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EBCI hopes to expand Qualla Boundary by 3 acres

EBCI hopes to expand Qualla Boundary by 3 acres

The Eastern Band of Cherokee Indians will seek to expand its trust lands by 3.088 acres following a unanimous vote from Tribal Council Dec. 9. 

The property in question is spread across three parcels in Swain County and connects Shepherds Creek Road, which is a state road, to Walker Cove Road, which is part of the Qualla Boundary. It abuts existing tribal land on the 3,200 Acre Tract. 

The tribe had encountered issues with the previous owners blocking ingress and egress to Walker Cove Road, Principal Chief Richard Sneed told Tribal Council. 

“The tribe subsequently purchased the land, and we want to take it into trust so we won’t have this issue in the future,” he said. 

The resolution, which Sneed submitted, empowers him to send the fee-to-trust application and supporting documents to the U.S. Secretary of the Interior and to execute all official documents, including the deed to transfer the property.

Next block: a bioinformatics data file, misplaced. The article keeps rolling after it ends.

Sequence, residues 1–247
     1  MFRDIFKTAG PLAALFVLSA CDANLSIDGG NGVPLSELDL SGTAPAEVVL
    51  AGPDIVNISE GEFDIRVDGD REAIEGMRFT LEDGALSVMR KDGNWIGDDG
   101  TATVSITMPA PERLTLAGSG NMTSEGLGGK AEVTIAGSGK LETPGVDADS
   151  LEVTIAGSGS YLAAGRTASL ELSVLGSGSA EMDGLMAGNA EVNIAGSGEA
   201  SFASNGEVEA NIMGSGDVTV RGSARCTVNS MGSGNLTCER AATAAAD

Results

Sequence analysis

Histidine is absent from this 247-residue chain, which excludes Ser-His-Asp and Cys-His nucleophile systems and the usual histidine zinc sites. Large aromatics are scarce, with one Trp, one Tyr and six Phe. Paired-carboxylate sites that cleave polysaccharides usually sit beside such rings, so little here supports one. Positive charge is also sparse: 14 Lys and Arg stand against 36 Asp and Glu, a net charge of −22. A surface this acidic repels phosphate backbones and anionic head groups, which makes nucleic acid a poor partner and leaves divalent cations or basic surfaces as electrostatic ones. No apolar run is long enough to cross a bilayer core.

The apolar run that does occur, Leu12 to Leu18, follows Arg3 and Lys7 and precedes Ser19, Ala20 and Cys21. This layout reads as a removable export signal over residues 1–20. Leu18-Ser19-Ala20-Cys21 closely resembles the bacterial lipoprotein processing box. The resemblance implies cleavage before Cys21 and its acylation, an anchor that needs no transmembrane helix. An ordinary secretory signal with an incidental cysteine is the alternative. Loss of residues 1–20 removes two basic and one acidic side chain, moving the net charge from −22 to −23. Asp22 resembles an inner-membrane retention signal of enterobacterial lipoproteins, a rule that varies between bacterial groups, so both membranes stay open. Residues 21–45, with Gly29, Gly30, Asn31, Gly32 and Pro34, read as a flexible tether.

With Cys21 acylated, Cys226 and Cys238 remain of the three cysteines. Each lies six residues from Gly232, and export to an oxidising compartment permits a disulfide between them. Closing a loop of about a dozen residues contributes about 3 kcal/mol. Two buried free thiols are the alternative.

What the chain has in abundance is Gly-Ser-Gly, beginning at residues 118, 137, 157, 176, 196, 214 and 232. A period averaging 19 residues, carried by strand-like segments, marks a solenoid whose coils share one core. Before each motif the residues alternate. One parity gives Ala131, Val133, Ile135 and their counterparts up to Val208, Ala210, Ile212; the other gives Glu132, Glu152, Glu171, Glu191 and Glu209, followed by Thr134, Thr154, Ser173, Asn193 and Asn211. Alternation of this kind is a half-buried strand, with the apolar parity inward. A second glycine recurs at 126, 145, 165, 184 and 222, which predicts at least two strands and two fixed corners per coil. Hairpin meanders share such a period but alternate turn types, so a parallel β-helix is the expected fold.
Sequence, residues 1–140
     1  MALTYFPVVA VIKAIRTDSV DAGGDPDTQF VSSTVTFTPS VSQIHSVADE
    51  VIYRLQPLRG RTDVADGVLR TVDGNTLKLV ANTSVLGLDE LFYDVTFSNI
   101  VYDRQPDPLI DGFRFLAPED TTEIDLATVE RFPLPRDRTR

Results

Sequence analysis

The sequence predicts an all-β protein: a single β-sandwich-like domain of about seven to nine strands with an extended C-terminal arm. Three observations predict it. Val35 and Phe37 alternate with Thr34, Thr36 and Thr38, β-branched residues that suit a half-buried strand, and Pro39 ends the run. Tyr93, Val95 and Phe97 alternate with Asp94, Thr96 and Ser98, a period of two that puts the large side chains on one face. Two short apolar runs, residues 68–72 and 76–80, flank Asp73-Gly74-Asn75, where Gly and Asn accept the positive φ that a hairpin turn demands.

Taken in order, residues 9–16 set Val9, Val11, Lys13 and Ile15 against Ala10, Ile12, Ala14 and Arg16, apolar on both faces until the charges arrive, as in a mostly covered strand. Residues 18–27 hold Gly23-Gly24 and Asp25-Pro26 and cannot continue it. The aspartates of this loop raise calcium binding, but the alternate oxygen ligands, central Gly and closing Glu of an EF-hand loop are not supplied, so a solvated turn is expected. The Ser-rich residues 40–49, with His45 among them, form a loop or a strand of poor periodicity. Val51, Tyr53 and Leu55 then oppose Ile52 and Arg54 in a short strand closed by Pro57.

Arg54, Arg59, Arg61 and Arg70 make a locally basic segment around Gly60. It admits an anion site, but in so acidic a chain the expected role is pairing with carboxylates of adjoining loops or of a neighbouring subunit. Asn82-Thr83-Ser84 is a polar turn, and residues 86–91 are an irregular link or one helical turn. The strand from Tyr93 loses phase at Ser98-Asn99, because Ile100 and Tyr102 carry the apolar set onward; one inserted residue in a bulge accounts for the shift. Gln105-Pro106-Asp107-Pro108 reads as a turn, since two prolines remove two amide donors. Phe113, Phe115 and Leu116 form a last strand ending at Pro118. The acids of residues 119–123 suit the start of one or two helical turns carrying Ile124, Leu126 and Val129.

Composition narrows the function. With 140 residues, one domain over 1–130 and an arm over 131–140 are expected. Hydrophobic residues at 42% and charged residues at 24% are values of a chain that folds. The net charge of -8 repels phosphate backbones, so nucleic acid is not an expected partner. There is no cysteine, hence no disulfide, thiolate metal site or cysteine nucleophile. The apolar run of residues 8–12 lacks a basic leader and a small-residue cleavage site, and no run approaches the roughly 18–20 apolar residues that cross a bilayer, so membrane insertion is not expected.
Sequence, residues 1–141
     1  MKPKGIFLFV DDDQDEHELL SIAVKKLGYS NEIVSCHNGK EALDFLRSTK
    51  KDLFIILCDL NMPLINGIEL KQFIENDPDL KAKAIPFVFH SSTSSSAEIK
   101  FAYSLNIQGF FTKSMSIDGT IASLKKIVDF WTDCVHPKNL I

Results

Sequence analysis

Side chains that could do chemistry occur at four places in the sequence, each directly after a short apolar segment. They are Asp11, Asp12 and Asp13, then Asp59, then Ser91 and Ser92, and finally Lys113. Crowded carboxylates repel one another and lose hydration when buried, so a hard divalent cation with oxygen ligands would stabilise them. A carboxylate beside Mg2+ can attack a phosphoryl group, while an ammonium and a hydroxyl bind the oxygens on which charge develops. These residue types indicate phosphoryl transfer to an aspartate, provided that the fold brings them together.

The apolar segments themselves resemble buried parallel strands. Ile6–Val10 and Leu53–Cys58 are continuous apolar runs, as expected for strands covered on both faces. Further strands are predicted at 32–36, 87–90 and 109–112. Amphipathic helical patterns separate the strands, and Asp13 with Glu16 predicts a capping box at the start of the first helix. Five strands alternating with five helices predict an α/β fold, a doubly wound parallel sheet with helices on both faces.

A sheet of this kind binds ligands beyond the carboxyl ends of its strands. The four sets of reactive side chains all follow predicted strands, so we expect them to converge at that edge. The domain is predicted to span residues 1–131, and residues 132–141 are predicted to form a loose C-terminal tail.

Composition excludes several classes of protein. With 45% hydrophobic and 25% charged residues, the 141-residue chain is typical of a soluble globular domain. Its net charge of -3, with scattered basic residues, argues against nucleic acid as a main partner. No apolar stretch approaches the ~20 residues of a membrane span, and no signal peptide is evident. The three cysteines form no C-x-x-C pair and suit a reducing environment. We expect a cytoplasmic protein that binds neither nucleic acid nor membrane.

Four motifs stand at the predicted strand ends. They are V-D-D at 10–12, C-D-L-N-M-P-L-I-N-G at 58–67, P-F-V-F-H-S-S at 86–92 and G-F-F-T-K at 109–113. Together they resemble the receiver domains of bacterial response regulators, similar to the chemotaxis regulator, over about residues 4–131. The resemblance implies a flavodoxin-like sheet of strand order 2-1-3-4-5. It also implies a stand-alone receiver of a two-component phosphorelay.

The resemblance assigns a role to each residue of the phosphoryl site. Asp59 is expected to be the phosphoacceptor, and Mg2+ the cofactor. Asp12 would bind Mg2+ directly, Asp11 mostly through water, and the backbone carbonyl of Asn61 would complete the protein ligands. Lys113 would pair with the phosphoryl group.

The land is heavily wooded, says the resolution, and contains one single-family home. The house is currently undergoing rehabilitation and will be made available for sale to a tribal member, Sneed said. 

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The resolution’s passage is just one step in what has typically been a long, arduous fee-to-trust process. Last year, the Bureau of Indian Affairs gave the green light  to two EBCI fee-to-trust requests, both of which had been filed in 2014. However, tribal leaders are hopeful that future decisions will happen more quickly, because the D.C. BIA office is now delegating decision-making on fee-to-trust applications to its regional offices. That change has sped up the process “significantly,” Sneed told Tribal Council in October. 

When a property is taken into trust, it is held by the federal government in trust for the tribe and essentially becomes part of the tribe’s sovereign lands. Tribal law, not state law, applies on trust lands, and trust lands are not subject to county ordinances and property taxes. 

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